The great surf trip part 2: Indonesia, where it all began…

The great surf trip part 2: Indonesia, where it all began…

posted in: Surf, Video | 0

Right, last blog post we had a look at surf tripping around Barbados with its air-conditioned western comforts and distractions. This time, we’re going to the other end of the scale – South Sumatra, to see what life in the jungle without much else to do besides surfing and playing pool on a slightly wonky table is like…

The amazing blue walls of Jenny's - a real standout
The amazing blue walls of Jenny’s – a real standout

You could go on a couple’s holiday to South Sumatra, but if one of you doesn’t surf, or even if they surf but don’t like fast breaking powerful waves, then one of you is going to get really bored. Yes there is much to enjoy in the verdant nature and blue Indian Ocean but when all the talk and all the action revolves around surfing, non-surfers will probably start to get quite agitated.

This shed marks the location of yet another spot; we never saw anyone in it. The shed, or the surf spot.
This shed marks the location of yet another spot; we never saw anyone in it. The shed, or the surf spot.

I went alone on this trip. Kate has her own surfboard but we both know that South Sumatra is not on her immediate hit list and that’s fair enough. Setting off, it reminded me of my first surf trips to places with names that I couldn’t pronounce, the unknown people, scenarios, food, smells, waves all waiting just ahead. International air travel is a very homogeneous affair, all airports feel (as they in fact are!) linked like outposts of some bland country that spans the planet. Nothing new to see here, but the adventure started when I got into the taxi at Bandar Lampung to begin the six hour drive down to Mandiri.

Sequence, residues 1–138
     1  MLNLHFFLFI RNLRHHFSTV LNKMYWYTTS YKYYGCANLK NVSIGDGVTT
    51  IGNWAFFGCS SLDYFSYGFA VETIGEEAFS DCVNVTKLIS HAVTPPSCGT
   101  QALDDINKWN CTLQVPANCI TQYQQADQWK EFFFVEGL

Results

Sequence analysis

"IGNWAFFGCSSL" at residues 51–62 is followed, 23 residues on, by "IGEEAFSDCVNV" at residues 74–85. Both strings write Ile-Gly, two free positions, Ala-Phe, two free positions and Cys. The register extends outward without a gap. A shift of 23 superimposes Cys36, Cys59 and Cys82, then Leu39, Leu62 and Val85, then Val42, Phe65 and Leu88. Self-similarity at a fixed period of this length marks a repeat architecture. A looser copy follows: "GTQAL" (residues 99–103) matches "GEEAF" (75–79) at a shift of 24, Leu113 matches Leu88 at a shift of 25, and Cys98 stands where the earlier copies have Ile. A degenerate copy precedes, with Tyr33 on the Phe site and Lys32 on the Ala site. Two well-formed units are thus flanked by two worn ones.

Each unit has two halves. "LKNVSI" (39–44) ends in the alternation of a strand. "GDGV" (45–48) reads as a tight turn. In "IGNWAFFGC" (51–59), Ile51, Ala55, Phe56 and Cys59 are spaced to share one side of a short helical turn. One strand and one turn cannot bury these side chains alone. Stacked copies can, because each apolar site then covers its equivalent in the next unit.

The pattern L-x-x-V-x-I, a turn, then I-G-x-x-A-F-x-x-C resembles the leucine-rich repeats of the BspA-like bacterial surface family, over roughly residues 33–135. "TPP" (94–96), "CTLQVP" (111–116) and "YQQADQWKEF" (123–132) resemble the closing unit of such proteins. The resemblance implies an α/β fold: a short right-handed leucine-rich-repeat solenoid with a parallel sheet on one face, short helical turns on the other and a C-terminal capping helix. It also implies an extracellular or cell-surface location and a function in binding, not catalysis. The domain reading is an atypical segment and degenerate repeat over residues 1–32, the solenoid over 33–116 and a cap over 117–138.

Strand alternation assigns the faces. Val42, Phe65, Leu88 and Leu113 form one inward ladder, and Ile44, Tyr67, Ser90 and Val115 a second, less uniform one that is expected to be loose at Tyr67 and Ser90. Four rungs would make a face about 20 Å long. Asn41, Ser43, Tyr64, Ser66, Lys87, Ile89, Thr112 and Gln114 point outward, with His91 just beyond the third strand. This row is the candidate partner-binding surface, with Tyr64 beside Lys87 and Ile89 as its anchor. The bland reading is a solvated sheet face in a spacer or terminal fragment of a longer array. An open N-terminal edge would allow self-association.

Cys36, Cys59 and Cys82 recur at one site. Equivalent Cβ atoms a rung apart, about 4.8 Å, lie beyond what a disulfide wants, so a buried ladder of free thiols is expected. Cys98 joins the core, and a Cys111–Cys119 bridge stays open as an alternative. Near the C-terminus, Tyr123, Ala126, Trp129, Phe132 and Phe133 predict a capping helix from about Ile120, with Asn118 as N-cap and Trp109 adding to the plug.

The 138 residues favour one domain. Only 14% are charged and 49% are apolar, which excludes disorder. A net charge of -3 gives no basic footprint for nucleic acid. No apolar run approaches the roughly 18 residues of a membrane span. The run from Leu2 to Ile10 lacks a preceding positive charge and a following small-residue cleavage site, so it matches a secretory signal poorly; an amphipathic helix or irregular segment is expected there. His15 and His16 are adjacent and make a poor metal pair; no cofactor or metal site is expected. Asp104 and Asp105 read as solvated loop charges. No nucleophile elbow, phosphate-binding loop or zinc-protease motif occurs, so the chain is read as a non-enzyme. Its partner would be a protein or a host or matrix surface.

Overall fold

Downtown at one of the fishing villages along the coast
Downtown at one of the fishing villages along the coast

Within minutes the driver had us on a short-cut through the jungle; huts made of sticks were next to slightly more elaborate brick dwellings, kids faces peering out now and then, all surrounded by dense, dark tropical vegetation. As darkness fell, we stopped at a ‘traffic jam’ and the driver turned the engine off. The night was inky black, all I could see at first was the glow of cigarettes from other drivers, who had also gotten out of their vehicles. Everyone had turned their engines off. The jungle was making all sorts of noises, buzzing, shrieking, chirping, and I could just hear the soft voices of the truck drivers above it all as they presumably discussed how they were going to get things moving again.

Eventually a solution was found and with a bit of reversing and nudging into the dense foliage enough space was created to let a large lorry through. It was all done with a calm unhurried nature, almost in respect of the night time, and as if everyone knew each other. They couldn’t have though, we were all miles away from anywhere.

Small punchy beachbreak waves will keep you amused for hours
Small punchy beachbreak waves will keep you amused for hours

A few days later I had settled in at the Mandiri Beach Club. There were four other guests there (two of which were from Newquay – Animal team riders Alan Stokes and Celine Gehret no less!) plus the camp owners and very quickly us strangers became a little pack, everyone quickly figuring out what makes everyone else laugh and then doing it as often as possible, for silliness and running jokes are central to all great surf trips. It has to be, for the hours of waiting and throwing yourself hard into a hostile environment, whilst anti-malarial drugs are swirling around your system, thousands of miles away from home in a place where you don’t really know what’s going on could be a little unsettling otherwise.